The terrorist attacks occurred amid meltdowns in the technology industry and the stock market, and tech and financial services firms were leading consumers of videoconferencing services.
“The big boom in videoconferencing didn’t quite emerge like we thought it would,” said analyst Rob Enderle of Enderle Group in San Jose. “It’s hard to change human behavior.”
Elliot Gold, an industry analyst with Altadena-based Tele- Span Publishing, noted at the time that the videoconferencing business jumped sharply -- and temporarily -- during the first Gulf War as well as after the bombing of Pan Am Flight 103 over Lockerbie, Scotland, in 1988.
It experienced a similar surge during the SARS outbreak in 2003 and was in the news again after an alleged plot to bomb airliners was revealed last month in London.
But there are signs that the industry’s growth may be more sustainable.
After experiencing the post9/11 boom and bust, Pleasanton, Calif.-based Polycom Inc. has seen sales of videoconferencing equipment nearly double since the second quarter of 2001 to 29,000 units in the second quarter of this year.
And analyst Roopam Jain of Frost & Sullivan expects sales of videoconferencing systems and services, which reached $1.15 billion last year, to grow 22% annually to $3.1 billion by the end of 2010. That compares with overall growth of only 16% from 2001 to 2005.
Although SARS and other scares have played a role, Polycom Chief Executive Robert Hagerty said businesspeople were gravitating to videoconferencing mainly because the technology has improved markedly in recent years and prices have shrunk.
A good room system that cost $50,000 eight years ago can now be had for about $5,000, he said. Plus the 2006 version is easier to use and less prone to poor picture quality and “latency” -- industry-speak for the annoying lag between audio and video transmissions.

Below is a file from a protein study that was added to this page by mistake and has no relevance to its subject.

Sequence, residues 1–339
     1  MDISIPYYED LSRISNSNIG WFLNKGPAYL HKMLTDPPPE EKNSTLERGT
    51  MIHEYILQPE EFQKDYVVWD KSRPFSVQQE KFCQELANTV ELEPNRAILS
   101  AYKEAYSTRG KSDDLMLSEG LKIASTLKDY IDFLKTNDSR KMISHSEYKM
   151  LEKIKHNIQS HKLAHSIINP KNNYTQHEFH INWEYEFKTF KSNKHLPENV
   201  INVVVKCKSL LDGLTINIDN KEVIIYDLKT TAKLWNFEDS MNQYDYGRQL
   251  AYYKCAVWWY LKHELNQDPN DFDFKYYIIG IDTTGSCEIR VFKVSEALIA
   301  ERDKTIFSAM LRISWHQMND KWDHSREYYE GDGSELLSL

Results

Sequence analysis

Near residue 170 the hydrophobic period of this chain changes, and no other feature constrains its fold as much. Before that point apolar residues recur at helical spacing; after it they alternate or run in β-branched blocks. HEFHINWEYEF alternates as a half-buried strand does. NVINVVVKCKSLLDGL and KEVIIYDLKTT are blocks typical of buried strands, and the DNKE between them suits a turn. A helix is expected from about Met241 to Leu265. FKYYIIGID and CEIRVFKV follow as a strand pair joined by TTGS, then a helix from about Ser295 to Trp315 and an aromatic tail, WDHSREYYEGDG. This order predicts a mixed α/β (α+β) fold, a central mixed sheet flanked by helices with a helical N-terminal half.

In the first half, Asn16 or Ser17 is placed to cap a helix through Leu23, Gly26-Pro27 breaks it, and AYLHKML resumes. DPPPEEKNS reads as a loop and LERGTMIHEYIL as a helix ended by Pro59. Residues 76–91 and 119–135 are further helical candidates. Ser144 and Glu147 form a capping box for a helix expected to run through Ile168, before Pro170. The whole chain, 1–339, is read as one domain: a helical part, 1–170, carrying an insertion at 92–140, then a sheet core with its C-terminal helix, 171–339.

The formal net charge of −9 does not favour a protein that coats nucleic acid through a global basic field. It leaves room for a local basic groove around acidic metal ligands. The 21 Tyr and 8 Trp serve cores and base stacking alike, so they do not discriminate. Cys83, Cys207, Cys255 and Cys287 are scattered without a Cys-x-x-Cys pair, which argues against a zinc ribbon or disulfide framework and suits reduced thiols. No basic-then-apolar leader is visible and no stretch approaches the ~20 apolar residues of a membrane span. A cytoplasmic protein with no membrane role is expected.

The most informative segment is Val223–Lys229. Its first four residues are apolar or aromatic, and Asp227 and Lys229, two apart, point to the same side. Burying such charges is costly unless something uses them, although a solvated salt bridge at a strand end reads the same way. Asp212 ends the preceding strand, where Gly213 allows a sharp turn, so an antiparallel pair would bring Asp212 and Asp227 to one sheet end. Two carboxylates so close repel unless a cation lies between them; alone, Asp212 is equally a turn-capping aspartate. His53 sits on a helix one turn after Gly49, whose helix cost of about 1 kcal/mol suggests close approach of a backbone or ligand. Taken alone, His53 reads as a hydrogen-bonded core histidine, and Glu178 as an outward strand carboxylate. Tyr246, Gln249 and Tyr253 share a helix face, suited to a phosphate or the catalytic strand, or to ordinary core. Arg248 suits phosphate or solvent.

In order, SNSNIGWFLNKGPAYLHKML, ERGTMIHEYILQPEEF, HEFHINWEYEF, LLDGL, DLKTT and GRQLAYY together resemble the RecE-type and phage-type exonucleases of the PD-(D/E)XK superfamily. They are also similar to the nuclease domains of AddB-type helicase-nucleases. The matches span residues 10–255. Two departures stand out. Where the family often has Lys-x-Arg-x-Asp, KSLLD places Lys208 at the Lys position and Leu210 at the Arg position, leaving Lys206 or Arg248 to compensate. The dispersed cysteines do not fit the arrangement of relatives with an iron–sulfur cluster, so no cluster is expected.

Recent years also have seen advances in both high-end videoconferencing technology and bargain systems.
At the upper end are ultra-high-tech systems such as Polycom’s RPX (for Real Presence Experience), which goes for about $250,000, and Halo, a collaboration between Hewlett-Packard Co. and DreamWorks SKG that sells for about $425,000.
Halo has received substantial media interest since it was introduced in December. The developers say their system gives participants the sense of being in the same room even though they may be thousands of miles apart.
“With Halo, we were able to create an environment where people actually forget they’re in two separate places,” said Ken Crangle, an HP vice president and head of the Halo project.
HP’s network of “Halo rooms” -- unlike most videoconferencing systems, which are compatible across brands, a Halo system can communicate only with other Halo systems -- has helped Crangle cut his own travel time dramatically.
The executive, who used to spend 70% of his time on the road, said he now takes a business trip about once every three months. “For the first time,” he said, “we have a technology that gets people off planes.”
At the lower end are PC-based systems that can provide desk-to-desk Web conferencing for the cost of a webcam and $200 worth of software.
In addition, some office software can be used to conduct one-on-one videoconferences through tools such as instant messaging. Then there are systems using webcams and Internet telephone services such as Skype that are practically free to set up and use.
Analysts say these services don’t yet provide the quality and capabilities that high-end corporate users demand, but they can be viable choices for small businesses on tight budgets. The use of these systems is expected to expand as their technology improves.
So far, videoconferencing options haven’t turned the business traveler into a dinosaur.
After falling in 2001 and 2002 because of safety fears and the weak economy, passenger boardings on U.S. airlines have rebounded strongly, reaching a record 670.4 million last year.
Airlines say business travelers, despite the hassles of increased security and the attractions of “virtual meetings,” have returned to the air in pre-9/11 numbers.
“It’s out there,” Tim Smith, a spokesman for American Airlines, said of videoconferencing. “But it hasn’t replaced us yet.”